BRIAN Cordiner told fellow members of Stonehaven Rotary Club last week of the controversial circumstances that led to a 19th century housewife narrowly escaping the gallows for killing her arsenic-addicted husband.
Mr Cordiner said the trial of Florence Elizabeth Maybrick at Liverpool in 1889 was presided over by a judge who suffered from senile dementia and a jury who seemed more interested in salacious aspects of the accused woman’s marital circumstances than the flimsy evidence against her.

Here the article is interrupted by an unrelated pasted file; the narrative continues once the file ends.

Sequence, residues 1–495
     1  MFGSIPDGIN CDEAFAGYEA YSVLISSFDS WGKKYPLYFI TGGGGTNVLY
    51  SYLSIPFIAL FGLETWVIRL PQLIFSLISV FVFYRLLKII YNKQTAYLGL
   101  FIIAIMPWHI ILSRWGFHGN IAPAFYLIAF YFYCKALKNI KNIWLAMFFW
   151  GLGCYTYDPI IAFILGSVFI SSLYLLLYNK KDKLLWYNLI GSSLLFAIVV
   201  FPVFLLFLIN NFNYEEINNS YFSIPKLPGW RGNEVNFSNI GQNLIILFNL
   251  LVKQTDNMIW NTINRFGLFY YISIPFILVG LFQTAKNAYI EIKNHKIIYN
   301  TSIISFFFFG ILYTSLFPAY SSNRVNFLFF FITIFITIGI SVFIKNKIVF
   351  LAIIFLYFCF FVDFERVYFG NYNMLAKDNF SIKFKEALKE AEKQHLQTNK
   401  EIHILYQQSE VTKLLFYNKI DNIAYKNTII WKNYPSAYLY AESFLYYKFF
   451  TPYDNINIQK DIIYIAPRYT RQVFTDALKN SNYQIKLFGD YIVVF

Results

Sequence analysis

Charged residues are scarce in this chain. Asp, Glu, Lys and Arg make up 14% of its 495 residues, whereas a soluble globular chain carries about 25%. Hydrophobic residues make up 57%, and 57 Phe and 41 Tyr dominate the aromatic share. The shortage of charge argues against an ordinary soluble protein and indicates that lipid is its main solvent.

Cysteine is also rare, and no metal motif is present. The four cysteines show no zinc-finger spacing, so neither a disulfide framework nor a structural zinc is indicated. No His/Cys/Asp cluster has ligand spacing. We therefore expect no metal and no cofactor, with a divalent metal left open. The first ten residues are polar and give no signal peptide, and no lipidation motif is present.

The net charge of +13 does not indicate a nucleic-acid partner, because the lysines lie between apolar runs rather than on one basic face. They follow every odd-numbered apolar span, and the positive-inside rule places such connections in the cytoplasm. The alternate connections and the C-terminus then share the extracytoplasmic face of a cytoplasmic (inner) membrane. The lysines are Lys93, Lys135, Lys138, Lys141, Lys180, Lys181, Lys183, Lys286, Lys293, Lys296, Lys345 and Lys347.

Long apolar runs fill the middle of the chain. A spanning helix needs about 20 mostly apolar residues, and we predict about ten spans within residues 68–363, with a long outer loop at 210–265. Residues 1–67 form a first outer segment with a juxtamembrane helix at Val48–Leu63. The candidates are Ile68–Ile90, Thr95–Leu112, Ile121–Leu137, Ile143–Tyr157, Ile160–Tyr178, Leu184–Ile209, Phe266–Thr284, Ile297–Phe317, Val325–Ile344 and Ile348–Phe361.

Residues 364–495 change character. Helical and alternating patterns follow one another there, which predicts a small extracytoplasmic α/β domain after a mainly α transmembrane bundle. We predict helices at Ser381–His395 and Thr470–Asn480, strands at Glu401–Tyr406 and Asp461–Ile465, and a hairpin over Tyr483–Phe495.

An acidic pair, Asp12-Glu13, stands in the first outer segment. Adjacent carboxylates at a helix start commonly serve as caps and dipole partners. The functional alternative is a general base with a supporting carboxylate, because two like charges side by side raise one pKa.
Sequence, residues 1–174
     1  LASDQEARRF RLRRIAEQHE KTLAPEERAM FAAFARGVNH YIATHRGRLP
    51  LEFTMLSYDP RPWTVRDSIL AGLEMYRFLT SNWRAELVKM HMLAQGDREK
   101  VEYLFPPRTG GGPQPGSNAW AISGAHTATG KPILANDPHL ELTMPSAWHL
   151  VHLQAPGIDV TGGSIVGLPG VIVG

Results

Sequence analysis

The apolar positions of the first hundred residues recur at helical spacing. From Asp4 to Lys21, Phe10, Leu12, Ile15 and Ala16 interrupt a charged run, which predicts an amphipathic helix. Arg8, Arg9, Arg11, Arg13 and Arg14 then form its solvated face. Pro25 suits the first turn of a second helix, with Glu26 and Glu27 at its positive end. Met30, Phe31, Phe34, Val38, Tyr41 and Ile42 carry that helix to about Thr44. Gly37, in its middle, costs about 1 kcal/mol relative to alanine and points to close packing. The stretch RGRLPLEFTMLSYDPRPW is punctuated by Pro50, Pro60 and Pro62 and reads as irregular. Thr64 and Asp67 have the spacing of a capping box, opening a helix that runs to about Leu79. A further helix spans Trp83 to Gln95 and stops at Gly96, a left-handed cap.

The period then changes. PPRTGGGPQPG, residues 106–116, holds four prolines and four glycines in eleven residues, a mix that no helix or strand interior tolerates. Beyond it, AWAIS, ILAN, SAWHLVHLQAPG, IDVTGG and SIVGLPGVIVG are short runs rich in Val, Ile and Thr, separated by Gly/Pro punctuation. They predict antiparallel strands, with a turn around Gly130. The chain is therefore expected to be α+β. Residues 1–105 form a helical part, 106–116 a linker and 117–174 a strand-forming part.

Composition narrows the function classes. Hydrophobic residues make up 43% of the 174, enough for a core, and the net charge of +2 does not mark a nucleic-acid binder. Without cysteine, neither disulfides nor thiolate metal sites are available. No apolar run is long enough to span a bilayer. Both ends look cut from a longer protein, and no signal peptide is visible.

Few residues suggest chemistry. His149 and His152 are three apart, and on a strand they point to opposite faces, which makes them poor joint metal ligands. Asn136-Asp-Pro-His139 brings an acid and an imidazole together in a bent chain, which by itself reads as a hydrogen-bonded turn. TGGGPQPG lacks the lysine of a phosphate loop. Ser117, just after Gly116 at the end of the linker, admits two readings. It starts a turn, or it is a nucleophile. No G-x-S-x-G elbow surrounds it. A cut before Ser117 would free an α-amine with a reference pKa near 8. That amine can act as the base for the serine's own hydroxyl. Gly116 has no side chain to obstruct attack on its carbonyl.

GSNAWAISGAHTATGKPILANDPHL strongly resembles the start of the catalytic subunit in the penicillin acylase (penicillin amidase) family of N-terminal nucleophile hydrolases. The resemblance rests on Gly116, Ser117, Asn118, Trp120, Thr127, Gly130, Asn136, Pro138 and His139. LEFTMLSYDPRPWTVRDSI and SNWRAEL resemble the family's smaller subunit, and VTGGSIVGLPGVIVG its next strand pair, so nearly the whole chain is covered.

Despite trial aspects which should never have passed muster, including the lack of evidence against the young wife and members of the jury fraternising with witnesses, Mrs Maybrick who had been accused of poisoning her husband James, was eventually found guilty of murder in only 35 minutes by the jury and sentenced to death.
However before the sentence was carried out, she was reprieved and instead served 15 years of a penal servitude sentence. She was released in 1904, leaving England for America soon afterwards.
Vote of thanks was by rotarian Derek Sedge.